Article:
Dell has been taking pot shots at HP and IBM this week. Talking at his company’s world conference, Michael Dell proclaimed, “They’re splitting away businesses, spinning off pieces of their businesses, and one has to ask the question: who is this for? Does this actually help the customers? Does it help them create the next great innovative products?” Meanwhile the company’s commercial chief Marius Haas said an interview that HP’s split isn’t a good idea. “I don’t think it makes sense. I think they ran out of options, to be honest.”

Big Bucks – No Bubble

Forbes has named Apple as the most valuable brand in the world, worth a mighty $124.2 billion. Microsoft was at number two ($60.3 billion), while Google came in third ($56.6 billion). Rounding off the top ten was IBM in fifth ($47.9 billion) and Samsung in eight ($35 billion).

According to a new Digi-Capital report, mobile internet exits via IPO and acquisition have surged by 700% in the last 12 months to $94 billion, while a PwC report showed there were 64 tech deals in Q3 this year totalling $31.2 billion in value. But despite these huge numbers [84 IPOs in 2014 so far totalling $43.7 billion, versus 64 and $11.4 billion last year] we’re definitely not in any tech bubble. “I don’t really think that there’s a bubble” said PayPal co-founder Peter Thiel. “Bubbles only happen when the public is involved, they’re a psychosocial event.” That’s ok then.

Meanwhile Apple has reportedly snapped up Union Bay Networks, Samsung has acquired software developer Proximal Data, Automattic has acqi-hired Code For The People, Raytheon has bought security firm Blackbird Technologies and Qlik now owns Datamarket. Elsewhere New Zealand’s Xero has acquired accounting startup Monchilla, Japan’s Softbank has bought Singaporean security firm Renazon and Phoenix Strategy Investments now owns workforce analytics firm PI Worldwide.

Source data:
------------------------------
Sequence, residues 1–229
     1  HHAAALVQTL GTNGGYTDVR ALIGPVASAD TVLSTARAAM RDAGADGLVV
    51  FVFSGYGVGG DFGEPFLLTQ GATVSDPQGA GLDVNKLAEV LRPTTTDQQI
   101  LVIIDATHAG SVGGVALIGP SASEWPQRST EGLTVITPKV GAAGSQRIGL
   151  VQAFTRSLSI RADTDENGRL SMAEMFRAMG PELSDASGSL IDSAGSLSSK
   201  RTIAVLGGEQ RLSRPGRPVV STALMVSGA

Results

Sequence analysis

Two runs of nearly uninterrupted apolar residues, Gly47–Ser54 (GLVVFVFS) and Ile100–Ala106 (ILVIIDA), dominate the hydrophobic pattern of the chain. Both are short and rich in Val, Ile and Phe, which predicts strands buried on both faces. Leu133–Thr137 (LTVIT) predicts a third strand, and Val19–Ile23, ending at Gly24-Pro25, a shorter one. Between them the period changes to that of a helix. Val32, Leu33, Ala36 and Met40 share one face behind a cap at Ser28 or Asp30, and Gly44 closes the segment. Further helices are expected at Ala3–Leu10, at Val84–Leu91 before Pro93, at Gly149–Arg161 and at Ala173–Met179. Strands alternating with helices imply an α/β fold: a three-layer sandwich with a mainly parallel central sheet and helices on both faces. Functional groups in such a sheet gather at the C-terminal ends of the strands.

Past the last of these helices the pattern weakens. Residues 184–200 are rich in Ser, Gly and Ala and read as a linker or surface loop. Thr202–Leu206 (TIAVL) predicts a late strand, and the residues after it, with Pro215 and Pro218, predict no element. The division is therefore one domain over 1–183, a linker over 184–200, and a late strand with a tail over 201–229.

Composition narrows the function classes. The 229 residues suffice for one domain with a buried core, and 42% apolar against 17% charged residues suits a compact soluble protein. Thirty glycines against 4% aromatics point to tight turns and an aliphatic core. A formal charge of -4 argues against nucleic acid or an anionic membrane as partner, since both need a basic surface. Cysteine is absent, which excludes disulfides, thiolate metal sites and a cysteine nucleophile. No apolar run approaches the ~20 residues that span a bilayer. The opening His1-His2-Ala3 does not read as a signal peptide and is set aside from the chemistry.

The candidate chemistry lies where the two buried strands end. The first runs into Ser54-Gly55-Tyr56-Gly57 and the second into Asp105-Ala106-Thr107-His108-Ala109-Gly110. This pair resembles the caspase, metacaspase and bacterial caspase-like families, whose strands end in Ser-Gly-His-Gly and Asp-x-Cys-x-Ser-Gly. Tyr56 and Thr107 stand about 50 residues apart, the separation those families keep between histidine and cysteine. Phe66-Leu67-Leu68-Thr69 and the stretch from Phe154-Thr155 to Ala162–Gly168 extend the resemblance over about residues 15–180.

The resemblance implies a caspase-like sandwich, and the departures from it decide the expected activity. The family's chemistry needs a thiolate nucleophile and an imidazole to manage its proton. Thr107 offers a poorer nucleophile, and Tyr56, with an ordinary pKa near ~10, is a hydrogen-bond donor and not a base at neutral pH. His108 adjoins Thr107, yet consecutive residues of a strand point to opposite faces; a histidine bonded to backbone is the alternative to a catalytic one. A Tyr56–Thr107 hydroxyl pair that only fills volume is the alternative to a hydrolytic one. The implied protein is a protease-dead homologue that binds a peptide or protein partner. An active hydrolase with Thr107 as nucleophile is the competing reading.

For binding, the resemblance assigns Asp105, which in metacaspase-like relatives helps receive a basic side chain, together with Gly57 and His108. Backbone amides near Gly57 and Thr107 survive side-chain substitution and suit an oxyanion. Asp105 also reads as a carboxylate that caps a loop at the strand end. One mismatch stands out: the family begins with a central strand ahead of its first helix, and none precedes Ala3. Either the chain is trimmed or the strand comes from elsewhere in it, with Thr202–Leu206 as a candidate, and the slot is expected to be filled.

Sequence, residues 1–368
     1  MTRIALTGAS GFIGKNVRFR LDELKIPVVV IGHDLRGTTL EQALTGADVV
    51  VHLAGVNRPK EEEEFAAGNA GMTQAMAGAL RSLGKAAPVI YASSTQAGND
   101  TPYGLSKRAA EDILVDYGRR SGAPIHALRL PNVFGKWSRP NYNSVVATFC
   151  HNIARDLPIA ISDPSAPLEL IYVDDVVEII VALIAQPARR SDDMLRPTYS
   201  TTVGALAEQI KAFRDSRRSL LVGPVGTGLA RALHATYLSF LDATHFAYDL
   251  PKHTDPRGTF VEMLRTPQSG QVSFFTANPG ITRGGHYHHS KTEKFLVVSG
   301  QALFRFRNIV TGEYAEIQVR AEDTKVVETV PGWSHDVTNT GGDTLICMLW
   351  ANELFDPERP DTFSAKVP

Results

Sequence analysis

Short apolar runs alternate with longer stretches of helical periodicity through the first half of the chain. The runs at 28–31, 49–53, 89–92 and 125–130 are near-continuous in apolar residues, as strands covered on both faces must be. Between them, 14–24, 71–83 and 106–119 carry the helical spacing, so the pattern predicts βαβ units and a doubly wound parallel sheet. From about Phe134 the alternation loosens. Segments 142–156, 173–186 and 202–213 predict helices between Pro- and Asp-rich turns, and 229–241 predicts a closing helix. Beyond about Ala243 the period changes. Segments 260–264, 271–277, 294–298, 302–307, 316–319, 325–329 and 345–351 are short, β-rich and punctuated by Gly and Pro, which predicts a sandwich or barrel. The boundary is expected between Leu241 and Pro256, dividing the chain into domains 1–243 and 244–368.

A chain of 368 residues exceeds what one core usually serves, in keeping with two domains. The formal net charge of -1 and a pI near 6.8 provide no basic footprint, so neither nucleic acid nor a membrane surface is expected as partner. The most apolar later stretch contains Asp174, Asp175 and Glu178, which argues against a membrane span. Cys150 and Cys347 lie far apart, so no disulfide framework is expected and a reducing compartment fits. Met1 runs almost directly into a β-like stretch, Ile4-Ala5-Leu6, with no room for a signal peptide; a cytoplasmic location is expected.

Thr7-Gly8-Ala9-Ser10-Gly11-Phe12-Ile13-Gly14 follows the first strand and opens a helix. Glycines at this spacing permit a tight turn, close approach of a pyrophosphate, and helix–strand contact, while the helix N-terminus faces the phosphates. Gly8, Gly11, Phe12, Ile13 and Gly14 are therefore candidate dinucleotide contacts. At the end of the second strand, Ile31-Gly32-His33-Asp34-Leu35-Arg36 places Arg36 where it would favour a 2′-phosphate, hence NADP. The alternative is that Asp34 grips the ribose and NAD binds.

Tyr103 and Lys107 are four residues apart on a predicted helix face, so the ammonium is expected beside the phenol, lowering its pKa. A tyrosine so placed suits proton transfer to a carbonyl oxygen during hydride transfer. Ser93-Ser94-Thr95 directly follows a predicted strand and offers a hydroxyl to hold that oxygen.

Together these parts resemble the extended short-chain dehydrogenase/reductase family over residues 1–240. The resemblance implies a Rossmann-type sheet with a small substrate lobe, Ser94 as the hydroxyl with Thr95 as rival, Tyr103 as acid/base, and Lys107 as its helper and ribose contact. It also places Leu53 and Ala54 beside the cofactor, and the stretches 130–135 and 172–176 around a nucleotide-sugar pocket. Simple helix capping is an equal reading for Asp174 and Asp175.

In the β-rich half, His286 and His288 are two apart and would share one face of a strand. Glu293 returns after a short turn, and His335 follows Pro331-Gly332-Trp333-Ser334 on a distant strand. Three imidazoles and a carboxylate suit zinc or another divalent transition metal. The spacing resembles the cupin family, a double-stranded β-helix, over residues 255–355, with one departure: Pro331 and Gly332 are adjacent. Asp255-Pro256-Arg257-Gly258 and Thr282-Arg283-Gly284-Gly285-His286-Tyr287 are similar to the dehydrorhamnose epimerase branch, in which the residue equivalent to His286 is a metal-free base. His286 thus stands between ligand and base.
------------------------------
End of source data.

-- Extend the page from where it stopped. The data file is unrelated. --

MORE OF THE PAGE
In the rumours department, AVG Technologies is apparently being courted by several potential buyers.

Bitcoin Island (Again)

Bitcoins are the preserve of Libertarians, geeks and criminals, and not small businesses. Oh dear. “Characteristics of Bitcoin Users” is a study from University of Kentucky that explores Google Trends data to try and identify the clientele of Bitcoin. The four main profiles they managed to construct were programming enthusiasts, speculative investors, Libertarians, and criminals. “Our research finds that two Google search terms – related to computer programming enthusiasts and possible illegal activity (“Silk Road”) – are statistically related to search interest in bitcoin,” Dr Aaron Yelowitz told CoinDesk. Meanwhile, new research from Software Advice suggests small businesses in the US aren’t embracing Bitcoin anytime soon. Around 2/3 of the study’s 400 businesses said they were are unlikely to use Bitcoin or other digital currencies.

That’s not stopping another island trying to become some sort of Bitcoin Utopia. The city of Launceston, Tasmania is planning to build the world's largest local Bitcoin-based economy, and presumably beat the likes of Bali, Dominica, Jersey, the Isle of Man and Alderney to the punch.

El Tweet

The Oxford English Dictionary is always adding cool new tech terms to its fabled lexicon, but it’s not the only one. “Tuit” (a digital message sent via the social network Twitter) and “Tuitear” (communication by tweets) are now in the Spanish Real Academia Española dictionary.

Meanwhile, a new study by The Linkedin Man found the social network for professionals could do with some etiquette lessons because there’s a bit too much naughty language flying around. It found that more than 31,000 users use profanity on their LinkedIn profile (admittedly out of 300 million-odd users). People in Info Tech are the fourth most-sweary industry (behind music, entertainment and marketing), while Microsoft was actually the most obscene organization. IBM and Google also made the top fecking five.

And finally, if you’ve ever wondered where screenwriters get their terrible tech jargon, wonder no more. The Tech Jargon Generator creates meaningless, Hollywood-grade technical jargon perfect for your futuristic thriller. "We need to copy the multi-byte HDD hard drive, that should connect the XML pixel!" 


« A - Z of Tech in (Often) Forgotten Parts of the Globe


Rant: Big Data and its Luddite Critics »
Dan Swinhoe

Dan is a journalist at CSO Online. Previously he was Senior Staff Writer at IDG Connect.

  • twt
  • twt
  • twt
  • Mail


Do you think your smartphone is making you a workaholic?